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Scan Session

on Ozgur Altinok

by Ozgur Altinok

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Clair de Lune shining a light in Burkina Faso

on The Fletcher School - Admissions News and Updates

by Jessica Daniels

Remember last spring's Fletcher D-Prize winners, Andrew Lala and Tommy Galloway?  Well, they've successfully converted their concept to a product and they are on the ground in Koudougou, delivering solar lanterns […]

Brief Reflections of a Library Intern by June Thammasnong

on What's New @ HHSL

by Kathryn Houk

ThumbnailAs a newbie fresh out of library school, I jumped at the chance to intern at Tufts Hirsh Health Sciences Library.  It’s been quite the glimpse into a highly specialized environment, and I’m enjoying all that I’ve […]

When kleptocracy becomes insolvent: Brute causes of the civil war in South Sudan

on Reinventing Peace

by Alex de Waal

Alex de Waal has published a newly released article in African Affairs, "When kleptocracy becomes insolvent: Brute causes of the civil war in South Sudan." Below is the abstract, full text available through the […]

Colleges at the University of Virginia School of Medicine

on Learning Communities Institute

by Ralph Aarons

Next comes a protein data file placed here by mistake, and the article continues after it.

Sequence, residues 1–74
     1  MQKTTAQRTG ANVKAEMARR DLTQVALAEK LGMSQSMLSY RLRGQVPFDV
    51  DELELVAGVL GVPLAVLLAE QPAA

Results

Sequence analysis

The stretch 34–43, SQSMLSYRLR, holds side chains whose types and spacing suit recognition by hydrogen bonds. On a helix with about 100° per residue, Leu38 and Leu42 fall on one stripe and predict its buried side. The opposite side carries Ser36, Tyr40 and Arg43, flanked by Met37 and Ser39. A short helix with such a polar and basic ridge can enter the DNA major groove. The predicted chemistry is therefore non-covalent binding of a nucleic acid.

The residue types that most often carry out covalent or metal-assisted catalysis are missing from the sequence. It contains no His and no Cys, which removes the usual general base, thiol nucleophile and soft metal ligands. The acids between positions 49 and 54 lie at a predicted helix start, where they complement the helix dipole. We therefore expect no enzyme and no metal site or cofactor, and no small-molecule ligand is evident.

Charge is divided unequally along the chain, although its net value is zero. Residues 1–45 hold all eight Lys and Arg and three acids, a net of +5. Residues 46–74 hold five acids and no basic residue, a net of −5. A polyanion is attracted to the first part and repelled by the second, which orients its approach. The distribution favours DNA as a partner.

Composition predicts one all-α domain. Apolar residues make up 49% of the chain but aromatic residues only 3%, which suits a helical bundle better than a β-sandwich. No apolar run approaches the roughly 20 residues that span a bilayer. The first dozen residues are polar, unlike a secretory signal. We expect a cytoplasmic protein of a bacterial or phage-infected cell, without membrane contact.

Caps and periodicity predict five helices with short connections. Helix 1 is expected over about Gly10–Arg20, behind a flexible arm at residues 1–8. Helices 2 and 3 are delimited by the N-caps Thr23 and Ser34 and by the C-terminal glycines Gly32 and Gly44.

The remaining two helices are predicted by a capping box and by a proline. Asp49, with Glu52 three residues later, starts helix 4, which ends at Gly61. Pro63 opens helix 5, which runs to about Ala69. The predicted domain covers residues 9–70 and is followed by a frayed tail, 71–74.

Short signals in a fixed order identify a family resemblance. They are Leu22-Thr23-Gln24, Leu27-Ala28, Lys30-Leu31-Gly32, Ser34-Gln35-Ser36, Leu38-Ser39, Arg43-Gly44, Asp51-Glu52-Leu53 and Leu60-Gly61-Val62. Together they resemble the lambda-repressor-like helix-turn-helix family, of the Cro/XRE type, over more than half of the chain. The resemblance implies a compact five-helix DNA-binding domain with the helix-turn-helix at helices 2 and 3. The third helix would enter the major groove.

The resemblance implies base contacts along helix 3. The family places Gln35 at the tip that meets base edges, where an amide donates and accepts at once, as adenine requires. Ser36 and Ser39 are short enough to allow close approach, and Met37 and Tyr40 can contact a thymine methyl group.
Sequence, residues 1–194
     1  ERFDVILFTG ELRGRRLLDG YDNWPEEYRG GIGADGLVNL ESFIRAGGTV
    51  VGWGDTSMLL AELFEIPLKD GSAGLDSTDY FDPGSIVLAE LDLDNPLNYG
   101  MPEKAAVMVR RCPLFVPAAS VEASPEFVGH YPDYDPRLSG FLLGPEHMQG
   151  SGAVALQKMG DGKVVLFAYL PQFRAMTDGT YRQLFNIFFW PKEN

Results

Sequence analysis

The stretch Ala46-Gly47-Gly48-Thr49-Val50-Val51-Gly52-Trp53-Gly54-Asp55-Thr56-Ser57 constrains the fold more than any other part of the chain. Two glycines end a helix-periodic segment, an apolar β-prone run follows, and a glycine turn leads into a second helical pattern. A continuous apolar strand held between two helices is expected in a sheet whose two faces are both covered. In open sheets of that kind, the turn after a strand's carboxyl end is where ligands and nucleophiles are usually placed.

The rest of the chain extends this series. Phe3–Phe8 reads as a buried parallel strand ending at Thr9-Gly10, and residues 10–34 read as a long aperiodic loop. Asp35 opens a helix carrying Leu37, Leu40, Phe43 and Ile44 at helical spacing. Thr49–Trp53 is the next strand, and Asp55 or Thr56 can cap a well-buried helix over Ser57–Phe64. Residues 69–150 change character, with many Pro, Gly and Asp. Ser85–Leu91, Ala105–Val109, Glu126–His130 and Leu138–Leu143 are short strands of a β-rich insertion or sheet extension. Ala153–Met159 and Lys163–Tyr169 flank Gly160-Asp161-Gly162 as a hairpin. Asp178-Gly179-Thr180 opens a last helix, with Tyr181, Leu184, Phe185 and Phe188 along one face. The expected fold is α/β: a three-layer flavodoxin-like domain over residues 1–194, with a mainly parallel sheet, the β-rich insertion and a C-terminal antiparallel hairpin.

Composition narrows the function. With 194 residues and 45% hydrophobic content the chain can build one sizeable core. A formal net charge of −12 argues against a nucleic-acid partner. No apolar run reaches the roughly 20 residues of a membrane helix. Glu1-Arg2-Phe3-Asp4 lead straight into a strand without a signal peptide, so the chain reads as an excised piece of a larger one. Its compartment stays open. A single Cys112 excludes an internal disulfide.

History: UVAlogoThe fall of 2010 marked a major turning point for medical education at the University of Virginia. An institution known for its Jeffersonian tradition welcomed an expanded class into a new education building and moved from a discipline-based pre-clerkship curriculum to a systems-based curriculum with a focus on team-based learning. Larger class size, variable schedules and rotation sites for students and demands on faculty created a challenge for continuity of student-faculty relationships as well as a barrier to effective oversight of professional development, academic progress and career advising. Lack of a system to guide the medical school experience inhibited efforts to improve the process. The University of Virginia School of Medicine Class of 2014 was the first class to be part of a new College System. Four colleges were formed, each headed by a Dean for Student Affairs and named after a prominent physician associated with the School of Medicine: Robley Dunglison College: As the first professor of anatomy and medicine at the UVA, Dr. Dunglison was also Thomas Jefferson’s personal physician. He is known as the “Father of American Physiology,” largely because of his textbook Human Physiology (1832). Thomas Hunter College: A pioneer in bioethics, Dr. Hunter was Dean of the University of Virginia School of Medicine 1953 -1965 and subsequently served as Vice President for Medical Affairs. He returned to the faculty and headed a nationally recognized program in bioethics. Vivian Pinn College: Dr. Pinn was both the only African American and the only woman in the UVA School of Medicine class of 1967. A pathologist and the recently retired director of the NIH's Office of Research on Women's Health, Dr. Pinn is also known as a firm advocate for women and underrepresented minorities in medicine. Walter Reed College: In 1869, at age 18, Walter Reed became the youngest graduate of the School of Medicine. Reed joined the Army Medical Corps in 1875 and is most well known for leading the team that made the discovery that a mosquito was responsible for the transmission of yellow fever. Program Goals: Our aim was to unify our educational and student support efforts utilizing the framework of learning communities. Using intentionally created groups that acknowledge the social context for learning, this program is enabling us to provide consistent, longitudinal oversight of clinical performance and professional development. These learning communities also foster continuous relationships with faculty and peers and encourage vertical integration of students for mentoring. Structure: Student support services have been restructured into four colleges. Each is headed by a Dean for Student Affairs who works with individual students and the college as a whole to provide career counseling, address personal well-being, oversee academic progress, identify professionalism concerns, and advocate for students in all aspects of their medical education. The Deans organize and oversee major events and transitions. They place the white coats on their students during the first week of medical school and hood the students in their college at graduation. In our “Next Generation” curriculum, we have committed to a four-year course of Clinical Performance Development (CPD). In the first 18 months six-member student groups meet weekly with two mentors, one physician and one non-physician, in order to learn fundamental clinical skills, interview and examine patients, and work through cases together. We have laid the foundation for our hybrid learning communities by forming each college from 6 or 7 of these small groups. In this way, the small group mentors become college affiliated faculty and are encouraged to identify and communicate concerns directly to the Deans thereby providing broader support for students as well as longitudinal oversight of each student’s clinical development. The CPD mentors start with a new small group every other year. Each college now rotates through the clerkship year on the same schedule.   This facilitates group and individual meetings with the Deans, allows delivery of a cohesive clerkship year curriculum to be learned within the CPD groups, simplifies faculty feedback to the Deans, and enhances supervision of clinical skill development by the CPD mentors. In addition, students continue their relationships with their peers as they function together in patient care settings. In the post-clerkship period, the CPD mentors continue to monitor professional and skill development and will be integral as we address competencies and entrustable professional activities of students. The Deans and CPD mentors together work with students to address any concerns. Plans are evolving to have each CPD group carry out a quality improvement project and to have fourth year students participate in teaching their mentor’s second year small group as another opportunity for vertical college integration. Leadership: Associate Dean for Admissions and Student Affairs, Dean of Hunter College: John Densmore MD, PhD Assistant Dean for Student Affairs, Dean of Reed College: Rasheed Balogun MD Assistant Dean for Student Affairs, Dean of Dunglison College: Meg Keeley MD Assistant Dean for Student Affairs, Dean of Pinn College: Christine Peterson MD Director, Clinical Performance Development: Nancy McDaniel MD Director, Clinical Performance Development-1: James Moak MD Director, Clinical Performance Development-2: Linda Waggoner-Fountain MD, MEd Director, Clinical Performance Development-3: Meg Keeley MD Program Manager, Clinical Performance Development: Eva Casola MBA Dunglison College Mentors: Ashley Blurton MD    Jennifer Beard PhD    Earl Bracker MD   Karen Knight MSLS    Tabor Flickinger MD                    Ruby Ford MSN RN   Sim Galazka MD    Evangeline Calland MTS    Owen Hendley MD  Ellen Longmoore D Min    Jennifer Kirby MD   Richard Fontaine MBA   Chuck Thornsvard MD    Hillary Barry MS     Roger Burket MD             Morgan Taylor MSW   Thomas Hartka MD      Kristen Heinan MD       James Moak MD       Christina Leftwich BSN Ionut Mosteanu MD      Tonya Showalter RN       Rahul Mehta MD    Ellen Longmoore D Min Hunter College Mentors:Joe Chance MD     Marie Perucci-Bailey RPh   Lisa Christianson MD   Richard Fontaine MBA    Mark Mendelsohn MD   Kim Mechling RN   James Moak MD    Tonya Showalter CEN    Van Nguyen MD    Jeffrey Ciucias RN    Brian Uthlaut    Anne Fishwick RN    Alan Binder MD    Judith Sanford RN     Matthew Goodman MD       Elizabeth Bradley PhD     Diane Pappas MD      Evangaline Calland MTS   Margaret Plews-Ogan MD     Annemarie Clemente LCSW Robert Reiser MD       Joseph Moffett RN    Lara Veber, MD    Elizabeth Glover SLP     Andrew Wolf MD      Yvonne Newberry FNP-BC  Pinn College Mentors: Jamison Bourque MD     Judi Sanford RN     Megan Bray MD     Eugene Locke D Min    Lein Dame MD    Julie Pitti Med    Ira Helenius MD   Deborah Childs RN       Erik Hewlett MD       Carolyn Engelhard MPA      Mohan Nadkarni MD       Elizabeth Jaeger-Landis ACNP     Theresa Schlager MD   Elizabeth Lyons MD    Nancy McDaniel M     Moses Woode PhD    Glenn Moulder MD     Jacqueline Salaway MSW   Mary Preston MD     Joel Schectman MD Donna White, RPh      Claudia Sussdorf, MD  Reed College Mentors: Heather Streich MD         Mary Stack FNP         Sue McCoy MD         Ian Marks PA         Chris Moore MD         Mildred Best M DIv       Kenneth Ballew MD       Barbara Maling NP       Ben Sneed MD         Ina Stephens MD       Moses Woode MD      Joshua Barclay, MD      Kevin Boyd M Div       Eve Bargmann MD        Gordon Putnam M Div     Blake Garmon MD     Miriam Halpern MD      Karen Boyle BSN    Martha Hellems MD     Sean Reed MD       Jonathan Schorling MD          Elizabeth Jaeger-Landis ACNP  Activities Showcase: Big Sib/Families vertical integration of student mentoring organized by colleges Iron Med Fitness program with college affiliation competition Classroom review activities with college affiliation competition Summer opportunities and career counseling organized by colleges Events: Orientation, Field Day, Gateway Dinner, White Coat Ceremony, Family Day, Summer Opportunities, Summer Send Off, Transition Course, Student Clinician Ceremony, Reception with the Dean, Match Day, Graduation  Presentations: Keeley M, “Longitudinal and Multifaceted Support: The Evolution of Learning Communities at the University of Virginia School of Medicine” Harvard Macy Institute Innovations Poster Session, Association of American Medical Colleges Annual Meeting, Philadelphia, PA, November 4, 2013 Keeley M, “Learning Communities in the Clerkship Year”, Platform Presentation, Learning Communities Institute Annual Meeting, Philadelphia, PA, November 1, 2013 Keeley M, Peterson C, “Longitudinal and Multi-Faceted Support: The Evolution of Hybrid Learning Communities at the University of Virginia” Learning Communities Institute Annual Meeting, Platform presentation, Palo Alto, CA, November 3, 2012 Lessons Learned: Students and faculty have responded very positively to the innovation. Both find continued relationships with their learning community on the clerkships rewarding and supportive. Communication among mentors and Deans has been enhanced. Students in learning communities describe faculty as more accessible, feel an increased sense of community, and place increased value on relationships and activities with classmates and faculty members. This hybrid learning community model provides longitudinal support across domains. Oversight of skill development, vertical integration of peer mentoring and individualized student support from white coat ceremony at orientation to hooding at graduation has enhanced and helped to guide the medical school experience. The challenges have been to generate acceptance of the learning community concept and to develop expectations for four-year faculty mentoring of clinical skill development as well as to ensure appropriate support for teaching time and faculty development. Photos and Graphics: (click on photo to enlarge): [gallery ids="1809,1808,1807,1806,1805,1804,1803,1802,1801"]